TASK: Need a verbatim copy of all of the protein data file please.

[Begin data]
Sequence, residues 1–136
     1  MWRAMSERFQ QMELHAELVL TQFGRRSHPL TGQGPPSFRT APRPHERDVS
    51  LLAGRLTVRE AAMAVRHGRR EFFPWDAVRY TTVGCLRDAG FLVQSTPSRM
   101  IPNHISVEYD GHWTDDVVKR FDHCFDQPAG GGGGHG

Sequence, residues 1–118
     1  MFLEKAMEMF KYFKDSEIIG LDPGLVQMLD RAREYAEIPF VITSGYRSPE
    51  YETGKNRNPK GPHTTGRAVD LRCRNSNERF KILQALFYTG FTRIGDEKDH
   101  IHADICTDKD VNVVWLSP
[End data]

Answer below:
Sequence, residues 1–136
     1  MWRAMSERFQ QMELHAELVL TQFGRRSHPL TGQGPPSFRT APRPHERDVS
    51  LLAGRLTVRE AAMAVRHGRR EFFPWDAVRY TTVGCLRDAG FLVQSTPSRM
   101  IPNHISVEYD GHWTDDVVKR FDHCFDQPAG GGGGHG

Sequence, residues 1–118
     1  MFLEKAMEMF KYFKDSEIIG LDPGLVQMLD RAREYAEIPF VITSGYRSPE
    51  YETGKNRNPK GPHTTGRAVD LRCRNSNERF KILQALFYTG FTRIGDEKDH
   101  IHADICTDKD VNVVWLSP